Almost every public forum, questionnaire or online chat involving candidates for the Lawrence school board this spring included a question about all-day kindergarten.
Although some opposition to such a program has been voiced in Lawrence, there obviously was considerable interest in providing all-day kindergarten for local youngsters. All four of the school board members elected earlier this month said they supported at least an optional full-day kindergarten program for the district's elementary schools.
Now comes a statewide report that seems to confirm that Lawrence and Douglas County have some catching up to do when it comes to early childhood education and specifically all-day kindergarten.
The 2007 Kansas Kids Count report, issued this week by Kansas Action for Children, shows that Douglas County is well behind the statewide curve on all-day kindergarten. The only elementary schools in the county that have such a program are in Eudora; that's just 4.35 percent of the county's elementary schools.
Statewide, 60 percent of elementary schools have all-day kindergarten. In the state's five "urban" counties, of which Douglas County is one, 53 percent of schools have all-day kindergarten.
These figures should get the attention of officials in the Lawrence district, where none of the elementary schools has all-day kindergarten.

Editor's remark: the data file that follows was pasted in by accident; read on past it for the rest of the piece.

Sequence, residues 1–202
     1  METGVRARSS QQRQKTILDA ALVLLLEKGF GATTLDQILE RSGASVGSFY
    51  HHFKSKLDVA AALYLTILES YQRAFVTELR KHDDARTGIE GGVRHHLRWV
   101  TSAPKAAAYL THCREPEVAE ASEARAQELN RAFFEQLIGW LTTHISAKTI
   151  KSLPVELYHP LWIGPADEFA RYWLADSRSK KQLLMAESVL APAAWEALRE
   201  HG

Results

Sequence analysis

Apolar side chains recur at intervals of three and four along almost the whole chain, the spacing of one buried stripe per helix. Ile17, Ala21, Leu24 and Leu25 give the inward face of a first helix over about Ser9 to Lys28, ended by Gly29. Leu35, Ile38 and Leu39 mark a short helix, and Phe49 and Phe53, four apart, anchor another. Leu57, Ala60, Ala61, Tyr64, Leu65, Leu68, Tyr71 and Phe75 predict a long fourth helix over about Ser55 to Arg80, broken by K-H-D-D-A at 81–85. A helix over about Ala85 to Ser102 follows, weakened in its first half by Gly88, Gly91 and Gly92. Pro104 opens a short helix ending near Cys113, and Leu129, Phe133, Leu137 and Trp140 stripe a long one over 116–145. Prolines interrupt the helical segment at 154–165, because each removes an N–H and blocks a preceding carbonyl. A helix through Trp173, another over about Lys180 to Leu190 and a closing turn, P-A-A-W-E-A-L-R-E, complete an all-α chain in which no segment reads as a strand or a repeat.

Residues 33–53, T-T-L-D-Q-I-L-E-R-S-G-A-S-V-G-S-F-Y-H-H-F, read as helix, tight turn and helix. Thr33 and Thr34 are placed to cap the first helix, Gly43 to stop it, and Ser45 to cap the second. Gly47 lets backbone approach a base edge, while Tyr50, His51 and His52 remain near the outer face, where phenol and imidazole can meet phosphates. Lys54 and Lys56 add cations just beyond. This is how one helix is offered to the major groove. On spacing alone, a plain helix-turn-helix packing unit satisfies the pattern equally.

That wasn't always the case. For a number of years, all-day kindergarten was offered at Cordley, Kennedy, New York, Riverside and East Heights schools, based on the number of children of low-income families attending those schools. When the statewide budget crunch hit, however, those programs were scaled back to a half-day format in the fall of 2001. Since that time, district officials have talked about reinstating the program, but have run into various roadblocks, primarily financial.
Last May, board members voted not to pursue all-day kindergarten in any schools because of funding and the problem of running a parallel half-day kindergarten program for families who preferred that option. As a result, not even children enrolled in the district's full-day preschool program have the option of continuing in a full-day kindergarten.
Finding money for expanded kindergarten won't be easy, but it's all a matter of priorities. It's fairly well accepted in education circles that money spent on programs for young children is a good investment because such programs increase student success in later years and reduce the need for remedial programs.
There may not be a perfect way to address this need in Lawrence, but it seems there surely is a better way. As Rich Minder, a school board member and coordinator for the local Success by Six Coalition pointed out, more than half of the public schools in Douglas County's peer counties have found a way to do it.
We don't think they care any more about their children than we care about ours, so it must be time for Lawrence to give a higher priority to this important issue.